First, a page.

Podravka and Sardina are the only two Croatian companies which can now export their products to Russia.
Removal of a number of Croatian companies from the list of exporters to Russia is a new step backwards in the Croatian-Russian relations. Earlier this year, Russian authorities have denied export licenses for several Croatian food companies, which means that easy export to the huge Russian market with nearly 145 million potential consumers is currently available just for Podravka and Sardina, reports Jutarnji List on February 14, 2017.
The information has been unofficially confirmed by the Croatian Chamber of Economy, but there is still no official response from the Ministry of Foreign Affairs, while the Russian Embassy in Zagreb did not want to comment on the issue. According to available information, companies which have lost their export licences are Vindija and Koka from Varaždin, Perutnina Ptuj – Pipo from Čakovec, and Belje and PIK Vrbovec which are part of the Agrokor Group.
The companies have not exported anything to Russia for at least 36 months, and now they have been banned from exporting in the future. The reason for the inactivity of Croatian companies can generally be found in the sanctions which were introduced by the European Union against Russia.
“Federal Service for Veterinary and Phytosanitary Control in early 2017 conducted an audit of registered permits for export to Russia, which were issued to European companies, in accordance with the usual procedure”, explained the Croatian Chamber of Economy, adding that a similar procedure is implemented by other countries as well, including the United States. “Due to the EU sanctions against Russia, it was not possible to export animal products to Russia and many of our companies have not been able to export anything to that market”, said unofficially one of the companies which lost its export licence.
Although some claim that the decision by Moscow was not motivated by politics, it is interesting that it comes at a time of strong tensions in geopolitical relations between the West and Russia, with Croatian-Russian relations being one of the victims. “With Russians, everything is politics. Croatia is a member of the European Union and NATO, so it had to coordinate its global strategy with other states”, said a source from diplomatic circles.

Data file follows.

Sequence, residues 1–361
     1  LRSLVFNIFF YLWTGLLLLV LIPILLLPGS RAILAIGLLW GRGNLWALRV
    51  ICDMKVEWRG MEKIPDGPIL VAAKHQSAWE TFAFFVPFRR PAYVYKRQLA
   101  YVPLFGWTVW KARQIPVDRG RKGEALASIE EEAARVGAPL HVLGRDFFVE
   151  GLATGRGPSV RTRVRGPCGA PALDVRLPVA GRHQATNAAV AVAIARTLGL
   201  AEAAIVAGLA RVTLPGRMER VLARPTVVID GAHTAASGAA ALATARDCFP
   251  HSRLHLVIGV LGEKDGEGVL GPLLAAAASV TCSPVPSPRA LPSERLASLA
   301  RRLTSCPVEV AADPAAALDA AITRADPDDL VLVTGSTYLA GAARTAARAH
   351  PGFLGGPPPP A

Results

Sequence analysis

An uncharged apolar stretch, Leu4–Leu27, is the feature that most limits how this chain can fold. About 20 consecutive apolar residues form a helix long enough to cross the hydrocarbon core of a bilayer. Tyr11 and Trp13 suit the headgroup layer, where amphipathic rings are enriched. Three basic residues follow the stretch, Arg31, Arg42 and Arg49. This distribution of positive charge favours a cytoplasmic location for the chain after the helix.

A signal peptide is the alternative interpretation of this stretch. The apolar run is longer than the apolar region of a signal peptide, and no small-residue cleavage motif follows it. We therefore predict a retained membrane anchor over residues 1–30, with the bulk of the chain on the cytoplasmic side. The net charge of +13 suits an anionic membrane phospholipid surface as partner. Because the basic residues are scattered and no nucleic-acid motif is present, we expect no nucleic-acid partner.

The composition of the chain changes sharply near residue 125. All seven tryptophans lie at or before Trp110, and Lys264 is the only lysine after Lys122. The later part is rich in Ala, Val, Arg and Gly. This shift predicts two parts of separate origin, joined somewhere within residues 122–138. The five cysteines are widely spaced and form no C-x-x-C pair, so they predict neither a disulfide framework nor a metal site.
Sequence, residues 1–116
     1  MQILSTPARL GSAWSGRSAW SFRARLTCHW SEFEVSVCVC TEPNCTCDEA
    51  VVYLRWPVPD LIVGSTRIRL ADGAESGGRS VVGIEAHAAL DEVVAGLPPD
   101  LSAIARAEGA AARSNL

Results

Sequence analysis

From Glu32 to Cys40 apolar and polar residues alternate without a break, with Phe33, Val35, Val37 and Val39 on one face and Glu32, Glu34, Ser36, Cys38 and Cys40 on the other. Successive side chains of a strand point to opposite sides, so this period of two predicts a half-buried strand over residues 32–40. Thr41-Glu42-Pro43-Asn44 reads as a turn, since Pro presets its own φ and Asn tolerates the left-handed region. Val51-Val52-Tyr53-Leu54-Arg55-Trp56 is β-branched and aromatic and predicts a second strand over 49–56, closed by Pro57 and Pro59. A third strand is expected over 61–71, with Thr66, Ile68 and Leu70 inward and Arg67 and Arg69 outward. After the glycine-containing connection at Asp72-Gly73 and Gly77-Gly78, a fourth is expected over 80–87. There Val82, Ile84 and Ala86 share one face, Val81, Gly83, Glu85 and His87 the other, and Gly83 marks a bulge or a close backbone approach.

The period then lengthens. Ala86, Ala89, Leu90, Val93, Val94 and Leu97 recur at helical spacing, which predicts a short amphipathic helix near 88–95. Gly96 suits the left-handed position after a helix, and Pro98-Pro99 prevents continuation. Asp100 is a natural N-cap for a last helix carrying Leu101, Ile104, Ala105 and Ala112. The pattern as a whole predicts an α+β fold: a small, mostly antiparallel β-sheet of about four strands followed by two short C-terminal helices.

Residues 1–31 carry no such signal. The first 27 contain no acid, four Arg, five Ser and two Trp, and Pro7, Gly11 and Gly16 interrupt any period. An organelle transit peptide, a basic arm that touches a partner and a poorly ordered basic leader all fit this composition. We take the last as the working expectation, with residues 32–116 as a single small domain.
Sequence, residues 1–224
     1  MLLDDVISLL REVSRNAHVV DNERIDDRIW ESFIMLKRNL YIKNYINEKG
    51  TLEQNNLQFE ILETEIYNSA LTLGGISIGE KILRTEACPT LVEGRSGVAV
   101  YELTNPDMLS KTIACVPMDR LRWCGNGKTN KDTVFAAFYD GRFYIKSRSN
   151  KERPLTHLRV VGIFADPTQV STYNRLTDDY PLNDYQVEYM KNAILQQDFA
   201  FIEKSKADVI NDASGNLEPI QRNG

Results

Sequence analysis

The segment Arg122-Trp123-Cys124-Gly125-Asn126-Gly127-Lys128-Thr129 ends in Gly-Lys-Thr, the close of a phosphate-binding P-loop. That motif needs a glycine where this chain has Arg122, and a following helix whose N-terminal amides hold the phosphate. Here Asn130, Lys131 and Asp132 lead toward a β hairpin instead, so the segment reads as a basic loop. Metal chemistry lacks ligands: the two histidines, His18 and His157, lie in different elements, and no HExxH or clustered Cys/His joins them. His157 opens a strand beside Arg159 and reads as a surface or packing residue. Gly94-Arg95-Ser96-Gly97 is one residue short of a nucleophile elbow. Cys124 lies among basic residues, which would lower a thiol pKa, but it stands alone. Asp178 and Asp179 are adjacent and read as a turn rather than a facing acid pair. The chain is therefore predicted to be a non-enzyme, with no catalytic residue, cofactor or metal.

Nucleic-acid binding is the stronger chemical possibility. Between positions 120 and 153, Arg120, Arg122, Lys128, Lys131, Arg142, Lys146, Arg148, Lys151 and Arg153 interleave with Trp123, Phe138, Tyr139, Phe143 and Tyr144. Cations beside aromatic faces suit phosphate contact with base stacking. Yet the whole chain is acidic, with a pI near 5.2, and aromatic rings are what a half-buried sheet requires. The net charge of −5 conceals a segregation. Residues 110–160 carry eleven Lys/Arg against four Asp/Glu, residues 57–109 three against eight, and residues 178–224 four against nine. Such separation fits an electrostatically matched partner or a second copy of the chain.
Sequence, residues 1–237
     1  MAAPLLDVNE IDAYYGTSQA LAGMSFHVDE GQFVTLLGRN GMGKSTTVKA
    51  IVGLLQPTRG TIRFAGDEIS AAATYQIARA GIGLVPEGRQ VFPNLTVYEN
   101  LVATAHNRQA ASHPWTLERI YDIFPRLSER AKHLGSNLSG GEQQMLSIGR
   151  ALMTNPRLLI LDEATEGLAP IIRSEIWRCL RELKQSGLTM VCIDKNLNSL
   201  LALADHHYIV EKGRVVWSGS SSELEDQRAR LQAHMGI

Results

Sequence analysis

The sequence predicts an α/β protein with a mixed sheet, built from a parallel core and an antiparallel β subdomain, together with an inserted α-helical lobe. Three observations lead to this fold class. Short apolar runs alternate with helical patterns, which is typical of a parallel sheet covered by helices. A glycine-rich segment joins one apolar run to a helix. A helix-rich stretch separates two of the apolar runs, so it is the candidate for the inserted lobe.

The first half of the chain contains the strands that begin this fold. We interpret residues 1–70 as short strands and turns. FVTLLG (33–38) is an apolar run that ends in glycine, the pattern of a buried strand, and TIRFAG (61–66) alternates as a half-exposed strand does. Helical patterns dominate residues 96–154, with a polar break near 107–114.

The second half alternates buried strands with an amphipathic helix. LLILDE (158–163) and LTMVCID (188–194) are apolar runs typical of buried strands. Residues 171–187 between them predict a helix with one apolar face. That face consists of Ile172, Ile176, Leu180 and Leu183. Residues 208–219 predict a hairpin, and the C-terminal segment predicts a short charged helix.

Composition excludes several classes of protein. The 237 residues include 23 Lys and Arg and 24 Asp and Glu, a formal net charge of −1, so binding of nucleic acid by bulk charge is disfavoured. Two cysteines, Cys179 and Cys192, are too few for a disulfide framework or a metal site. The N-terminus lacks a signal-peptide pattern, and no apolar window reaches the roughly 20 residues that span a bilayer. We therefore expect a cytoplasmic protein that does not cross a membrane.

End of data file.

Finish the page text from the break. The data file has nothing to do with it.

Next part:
Sources from the business community also admit that the geopolitical factor must not be forgotten. “Geopolitical factors are important for decisions made by Russian authorities. In addition, in Russia it is very important what kind of relationship you have with the political and financial establishment”, explained one businessperson.
When it comes to Podravka and Sardina, the companies say they are satisfied with the sales of their products in the Russian market. “Our products, canned fish, can be found all over Russia”, said Mislav Bezmalinović, director of Sardine. His company has annual revenues in Russia of around one million euros, accounting for five percent of the total company revenues. “In our strategy, Russia is a market with major potential. We are very satisfied with the sales of our goods in Russia”, said Zvonimir Mršić, CEO of Podravka.
Despite the new obstacles in the Croatian-Russian economic relations, businesspeople believe that relations between Moscow and Zagreb will gradually improve, both economically and politically. “Croatia has started a serious dialogue with Russia”, said a source in Croatian diplomatic circles. Croatian Chamber of Economy also pointed out that the Croatian side is currently in negotiations with its Russian counterparts about conditions which must be met for the renewal of export licenses for those Croatian companies which are interested for exports to Russia.